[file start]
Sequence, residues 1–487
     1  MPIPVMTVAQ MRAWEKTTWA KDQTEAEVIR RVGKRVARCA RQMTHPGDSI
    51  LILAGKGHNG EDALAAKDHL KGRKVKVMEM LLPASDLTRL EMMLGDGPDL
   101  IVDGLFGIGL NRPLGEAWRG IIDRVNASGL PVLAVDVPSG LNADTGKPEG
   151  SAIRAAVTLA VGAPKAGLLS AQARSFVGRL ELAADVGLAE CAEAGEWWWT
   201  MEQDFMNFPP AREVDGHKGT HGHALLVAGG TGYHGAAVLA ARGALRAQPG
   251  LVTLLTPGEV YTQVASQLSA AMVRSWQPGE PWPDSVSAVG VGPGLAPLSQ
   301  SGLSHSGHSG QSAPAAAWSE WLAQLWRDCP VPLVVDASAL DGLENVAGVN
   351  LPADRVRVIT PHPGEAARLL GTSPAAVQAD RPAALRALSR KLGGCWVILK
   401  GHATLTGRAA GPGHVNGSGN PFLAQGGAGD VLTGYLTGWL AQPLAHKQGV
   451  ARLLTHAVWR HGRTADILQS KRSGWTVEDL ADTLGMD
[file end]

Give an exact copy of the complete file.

Sequence, residues 1–487
     1  MPIPVMTVAQ MRAWEKTTWA KDQTEAEVIR RVGKRVARCA RQMTHPGDSI
    51  LILAGKGHNG EDALAAKDHL KGRKVKVMEM LLPASDLTRL EMMLGDGPDL
   101  IVDGLFGIGL NRPLGEAWRG IIDRVNASGL PVLAVDVPSG LNADTGKPEG
   151  SAIRAAVTLA VGAPKAGLLS AQARSFVGRL ELAADVGLAE CAEAGEWWWT
   201  MEQDFMNFPP AREVDGHKGT HGHALLVAGG TGYHGAAVLA ARGALRAQPG
   251  LVTLLTPGEV YTQVASQLSA AMVRSWQPGE PWPDSVSAVG VGPGLAPLSQ
   301  SGLSHSGHSG QSAPAAAWSE WLAQLWRDCP VPLVVDASAL DGLENVAGVN
   351  LPADRVRVIT PHPGEAARLL GTSPAAVQAD RPAALRALSR KLGGCWVILK
   401  GHATLTGRAA GPGHVNGSGN PFLAQGGAGD VLTGYLTGWL AQPLAHKQGV
   451  ARLLTHAVWR HGRTADILQS KRSGWTVEDL ADTLGMD